Posts tagged #roleplay

Giving Value to Others

A few weeks ago, we had a Princess Parables tea at a local bookstore.  We got the opportunity to speak into the lives of sweet girls about the importance of manners and etiquette.  In a culture that does not value or teach manners on a regular basis, our children will stand out above the crowds, if they are taught just a few lessons.  They also have the opportunity to live out Christ’s command to love one another. 

What do we mean by Manners and Etiquette?

Proper etiquette and manners are defined as, “helping those around us to feel more valued and more comfortable.” Plainly speaking, just an extension of Romans 12:10.  I think it is more important to teach our kids this definition of etiquette instead of the old-fashion idea being something that is expected of them by society.  Help them to see people as valuable with a desire to make others feel special.

For our three to eight year old princesses and knights, here are a few suggestions:

Greetings and Introductions:  Learning to introduce yourself is an art.  Children need to be taught a couple of important tips to address an adult for the first time.  First, they need to keep eye contact with the person.  Second, they need to shake hands (with their right hand firmly).  Next, say your name.  “Hi, Mr. Smith. My name is Matthew”.  Lastly, smile!  The same rules apply for kids.  They may not shake hands (although some of my kids do), but in general it is good to go over this as well.  We also include in this area “The Art of Conversation”.  I have taught my kids at least 3 questions they can ask an adult or child to keep a conversation going.  As you can see, we need to prepare our children before they get to the moment.  For us, role-playing at home and reminders in the car keep everyone on track.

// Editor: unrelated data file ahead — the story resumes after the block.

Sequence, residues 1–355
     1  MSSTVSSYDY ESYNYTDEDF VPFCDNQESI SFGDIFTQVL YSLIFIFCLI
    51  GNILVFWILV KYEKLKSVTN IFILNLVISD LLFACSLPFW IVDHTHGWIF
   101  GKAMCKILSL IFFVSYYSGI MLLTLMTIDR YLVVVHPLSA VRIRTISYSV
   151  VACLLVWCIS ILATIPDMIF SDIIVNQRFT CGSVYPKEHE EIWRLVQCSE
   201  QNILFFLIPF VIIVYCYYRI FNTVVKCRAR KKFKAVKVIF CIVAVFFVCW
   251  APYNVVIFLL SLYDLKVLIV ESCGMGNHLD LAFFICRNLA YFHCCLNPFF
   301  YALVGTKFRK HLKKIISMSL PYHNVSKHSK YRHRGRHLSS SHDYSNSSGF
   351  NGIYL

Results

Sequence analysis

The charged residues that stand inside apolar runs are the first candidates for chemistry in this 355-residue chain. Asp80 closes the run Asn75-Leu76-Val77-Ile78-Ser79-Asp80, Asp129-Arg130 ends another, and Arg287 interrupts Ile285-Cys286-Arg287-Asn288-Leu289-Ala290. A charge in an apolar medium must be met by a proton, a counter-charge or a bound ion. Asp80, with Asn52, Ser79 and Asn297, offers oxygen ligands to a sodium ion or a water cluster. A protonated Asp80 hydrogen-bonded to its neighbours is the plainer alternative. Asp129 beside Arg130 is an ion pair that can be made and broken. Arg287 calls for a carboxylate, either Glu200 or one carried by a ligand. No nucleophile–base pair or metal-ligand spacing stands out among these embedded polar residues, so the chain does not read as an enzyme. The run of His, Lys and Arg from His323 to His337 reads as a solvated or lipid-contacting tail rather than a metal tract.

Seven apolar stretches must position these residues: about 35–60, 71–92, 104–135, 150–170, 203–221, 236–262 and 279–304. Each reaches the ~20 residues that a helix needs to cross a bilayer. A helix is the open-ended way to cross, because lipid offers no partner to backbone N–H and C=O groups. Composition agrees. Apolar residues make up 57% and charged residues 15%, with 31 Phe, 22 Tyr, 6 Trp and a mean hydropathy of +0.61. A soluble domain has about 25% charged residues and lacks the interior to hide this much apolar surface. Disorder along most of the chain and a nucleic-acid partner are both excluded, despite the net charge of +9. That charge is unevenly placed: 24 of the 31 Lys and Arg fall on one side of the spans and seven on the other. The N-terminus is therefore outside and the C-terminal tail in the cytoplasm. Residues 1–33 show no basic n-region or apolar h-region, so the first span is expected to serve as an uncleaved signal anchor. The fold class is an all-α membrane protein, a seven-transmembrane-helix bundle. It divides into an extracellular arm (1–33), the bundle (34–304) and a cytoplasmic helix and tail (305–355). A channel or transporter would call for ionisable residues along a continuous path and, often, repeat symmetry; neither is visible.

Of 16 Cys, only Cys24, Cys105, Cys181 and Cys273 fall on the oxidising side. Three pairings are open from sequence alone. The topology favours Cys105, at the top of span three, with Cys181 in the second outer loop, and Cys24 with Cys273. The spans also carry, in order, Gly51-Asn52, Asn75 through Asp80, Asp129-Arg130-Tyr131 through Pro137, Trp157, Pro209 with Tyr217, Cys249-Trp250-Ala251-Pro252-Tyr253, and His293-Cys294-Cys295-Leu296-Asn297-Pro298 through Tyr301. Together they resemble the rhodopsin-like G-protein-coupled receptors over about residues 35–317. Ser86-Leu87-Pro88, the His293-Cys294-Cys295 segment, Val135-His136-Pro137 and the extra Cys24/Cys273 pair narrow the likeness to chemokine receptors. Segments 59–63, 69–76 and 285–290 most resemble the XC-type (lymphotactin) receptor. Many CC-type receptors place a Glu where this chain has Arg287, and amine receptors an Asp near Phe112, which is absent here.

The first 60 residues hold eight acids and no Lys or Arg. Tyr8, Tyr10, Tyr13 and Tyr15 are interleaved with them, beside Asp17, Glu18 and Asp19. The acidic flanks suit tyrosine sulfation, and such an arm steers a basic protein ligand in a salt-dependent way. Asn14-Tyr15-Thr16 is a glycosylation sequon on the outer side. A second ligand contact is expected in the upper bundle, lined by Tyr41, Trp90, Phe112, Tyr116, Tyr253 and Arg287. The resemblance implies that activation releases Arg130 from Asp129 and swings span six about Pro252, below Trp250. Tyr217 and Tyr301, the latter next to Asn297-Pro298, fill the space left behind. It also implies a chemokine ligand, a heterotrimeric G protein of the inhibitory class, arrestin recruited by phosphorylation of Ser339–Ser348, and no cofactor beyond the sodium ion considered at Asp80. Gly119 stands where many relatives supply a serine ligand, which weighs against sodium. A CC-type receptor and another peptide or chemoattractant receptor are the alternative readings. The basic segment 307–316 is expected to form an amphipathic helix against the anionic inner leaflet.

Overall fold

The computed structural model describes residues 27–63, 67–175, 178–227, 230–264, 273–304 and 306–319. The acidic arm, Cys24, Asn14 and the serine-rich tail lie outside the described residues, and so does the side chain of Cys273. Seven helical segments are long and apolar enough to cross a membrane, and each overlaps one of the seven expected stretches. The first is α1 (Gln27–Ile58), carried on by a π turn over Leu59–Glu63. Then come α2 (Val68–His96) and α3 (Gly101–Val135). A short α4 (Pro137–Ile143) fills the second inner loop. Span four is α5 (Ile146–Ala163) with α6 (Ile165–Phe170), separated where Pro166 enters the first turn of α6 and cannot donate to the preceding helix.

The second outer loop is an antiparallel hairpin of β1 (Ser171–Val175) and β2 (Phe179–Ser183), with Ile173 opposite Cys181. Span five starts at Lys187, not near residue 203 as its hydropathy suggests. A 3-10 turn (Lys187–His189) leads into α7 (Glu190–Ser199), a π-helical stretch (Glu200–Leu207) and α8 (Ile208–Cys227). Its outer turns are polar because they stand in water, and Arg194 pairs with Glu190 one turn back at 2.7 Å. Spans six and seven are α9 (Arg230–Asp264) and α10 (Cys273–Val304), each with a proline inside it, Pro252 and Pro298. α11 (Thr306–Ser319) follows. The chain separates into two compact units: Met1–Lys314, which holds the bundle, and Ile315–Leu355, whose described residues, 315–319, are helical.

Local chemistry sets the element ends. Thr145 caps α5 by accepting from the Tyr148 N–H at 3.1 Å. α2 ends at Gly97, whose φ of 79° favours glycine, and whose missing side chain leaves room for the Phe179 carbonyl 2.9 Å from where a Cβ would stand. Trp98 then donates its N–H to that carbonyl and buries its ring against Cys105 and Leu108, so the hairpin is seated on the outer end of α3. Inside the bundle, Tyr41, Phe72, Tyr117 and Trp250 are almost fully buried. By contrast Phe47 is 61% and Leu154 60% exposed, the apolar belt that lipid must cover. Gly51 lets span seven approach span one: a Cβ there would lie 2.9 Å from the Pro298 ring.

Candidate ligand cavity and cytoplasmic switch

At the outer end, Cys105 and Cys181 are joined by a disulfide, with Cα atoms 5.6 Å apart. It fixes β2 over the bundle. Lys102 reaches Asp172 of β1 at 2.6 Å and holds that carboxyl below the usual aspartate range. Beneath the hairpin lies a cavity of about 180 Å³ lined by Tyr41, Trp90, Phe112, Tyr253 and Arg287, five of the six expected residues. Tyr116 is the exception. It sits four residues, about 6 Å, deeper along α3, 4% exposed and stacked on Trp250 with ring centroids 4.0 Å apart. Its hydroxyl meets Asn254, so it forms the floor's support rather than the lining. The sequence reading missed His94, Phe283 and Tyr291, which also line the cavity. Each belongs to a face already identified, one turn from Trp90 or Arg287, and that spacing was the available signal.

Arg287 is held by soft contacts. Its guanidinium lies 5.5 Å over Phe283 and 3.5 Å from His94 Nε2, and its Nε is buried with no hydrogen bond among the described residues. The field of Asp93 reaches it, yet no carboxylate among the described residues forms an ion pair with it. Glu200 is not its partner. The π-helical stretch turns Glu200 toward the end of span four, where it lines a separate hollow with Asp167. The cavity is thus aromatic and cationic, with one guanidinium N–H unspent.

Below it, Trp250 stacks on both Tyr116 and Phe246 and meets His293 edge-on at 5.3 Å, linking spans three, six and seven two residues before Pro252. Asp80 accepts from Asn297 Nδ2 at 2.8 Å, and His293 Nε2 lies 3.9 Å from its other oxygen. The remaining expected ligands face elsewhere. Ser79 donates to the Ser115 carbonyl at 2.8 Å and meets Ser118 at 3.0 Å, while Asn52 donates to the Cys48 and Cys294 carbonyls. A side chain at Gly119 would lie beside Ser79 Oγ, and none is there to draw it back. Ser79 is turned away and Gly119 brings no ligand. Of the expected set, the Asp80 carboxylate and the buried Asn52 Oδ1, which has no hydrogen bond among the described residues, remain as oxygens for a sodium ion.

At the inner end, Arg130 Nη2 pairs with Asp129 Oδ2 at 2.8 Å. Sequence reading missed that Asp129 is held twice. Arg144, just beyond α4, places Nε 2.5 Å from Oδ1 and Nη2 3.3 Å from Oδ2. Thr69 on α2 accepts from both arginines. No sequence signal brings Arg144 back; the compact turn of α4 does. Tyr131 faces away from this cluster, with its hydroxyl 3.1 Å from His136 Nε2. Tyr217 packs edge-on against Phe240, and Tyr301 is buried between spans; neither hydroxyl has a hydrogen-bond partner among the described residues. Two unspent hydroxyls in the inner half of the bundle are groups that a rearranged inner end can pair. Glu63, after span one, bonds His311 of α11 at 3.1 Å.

The Magic Words:  We all love to hear “please” and “thank you” coming from our children’s mouths.  However, just like any skill, it takes practice.  I don’t believe my child has grasped this concept until they do it without my prompting.  Being consistent with this, as a parent, drives the point home.  I often will have my children ask me for something.  For example, “Mom, I want juice”.  To which I will say, “Oh I would love to give you juice, but you forgot how to say ask for it properly”.  I will set the timer for 15 minutes, then you can come back and ask it again.  When she returns and says, “Mom, may I have juice, please?” I grant her request.  The same goes for “thank you” for the juice.  You only have to do this a couple of times before they get it.  I have found when children practice this at home, it comes naturally to them when they are outside the home. We have also role played with gift giving.  Having the right response for the gift your child doesn’t like is definitely a needed tool.  Another area children need to be instructed on is “Thank you” cards. We started really young with drawing pictures and by 1st grade all the kids could write most of their own “Thank you” cards.

Table Manners:  Family dinners are the perfect opportunity to develop good table manners.  When the kids were younger, we started with staying in their seat and keeping the food on the plate and in their mouths!  Eventually, they were old enough to graduate to no elbows on the table, napkins in the laps and sitting up straight, bringing the food to your mouth (difficult for some teens!).  We work on how to hold your fork, use your knife and chew your food.  Mealtime is a great way to teach the art of conversation also.  We have a time of sharing our day (“Pits and Peaks”) which first begins with quiet time for the kids while mom and dad talk.  This leads into a time where they share the best part of the day (God’s blessings) and the worst part of the day (What are you learning?). This time reaffirms the lessons of no interrupting and teaching kids to appreciate others’ differences while giving them a voice in the family.  Last, but not least, we develop the concept of cleaning up after yourself when dinner is finished.

With all the training opportunities, role-playing is the KEY!  I can’t say it enough – role-play, role-play, role-play . . .

Manners and etiquette don’t end there! A key resource for us has been The Etiquette Factory.  They are the “experts” on all things proper and they teach it all from a godly perspective.  Our family has still so far to go in this area!  I can tell you it does take work.  Remembering we are here to serve others and live out Luke 6:31 “Do to others as you would have them do to you”, is an invaluable gift you can give your children. One worth the work you will put in.

How have you been teaching your kids to help others feel more valued and more comfortable in their presence?

Posted on June 18, 2015 and filed under Parenthood, Character and Virtue.